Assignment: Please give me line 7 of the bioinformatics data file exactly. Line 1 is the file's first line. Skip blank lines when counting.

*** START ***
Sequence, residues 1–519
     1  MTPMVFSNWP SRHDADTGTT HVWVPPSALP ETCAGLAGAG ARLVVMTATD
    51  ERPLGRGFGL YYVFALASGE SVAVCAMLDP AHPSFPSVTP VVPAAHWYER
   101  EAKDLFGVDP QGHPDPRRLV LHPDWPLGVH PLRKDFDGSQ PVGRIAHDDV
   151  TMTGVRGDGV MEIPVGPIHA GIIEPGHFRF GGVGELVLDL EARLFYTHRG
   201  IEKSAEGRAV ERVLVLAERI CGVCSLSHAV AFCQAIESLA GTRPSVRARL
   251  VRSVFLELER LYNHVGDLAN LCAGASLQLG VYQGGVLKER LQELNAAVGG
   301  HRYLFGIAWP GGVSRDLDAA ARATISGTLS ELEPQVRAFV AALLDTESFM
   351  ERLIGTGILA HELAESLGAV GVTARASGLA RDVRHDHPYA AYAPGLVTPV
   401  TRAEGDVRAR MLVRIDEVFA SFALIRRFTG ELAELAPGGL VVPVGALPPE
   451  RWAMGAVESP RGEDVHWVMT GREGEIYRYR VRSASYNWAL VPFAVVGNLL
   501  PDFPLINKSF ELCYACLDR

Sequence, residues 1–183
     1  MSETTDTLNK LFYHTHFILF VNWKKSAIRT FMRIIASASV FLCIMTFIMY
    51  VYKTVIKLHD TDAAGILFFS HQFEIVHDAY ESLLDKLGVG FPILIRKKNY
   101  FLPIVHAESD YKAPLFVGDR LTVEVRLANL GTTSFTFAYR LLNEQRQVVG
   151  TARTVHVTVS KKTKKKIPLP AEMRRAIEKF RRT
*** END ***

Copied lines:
   251  VRSVFLELER LYNHVGDLAN LCAGASLQLG VYQGGVLKER LQELNAAVGG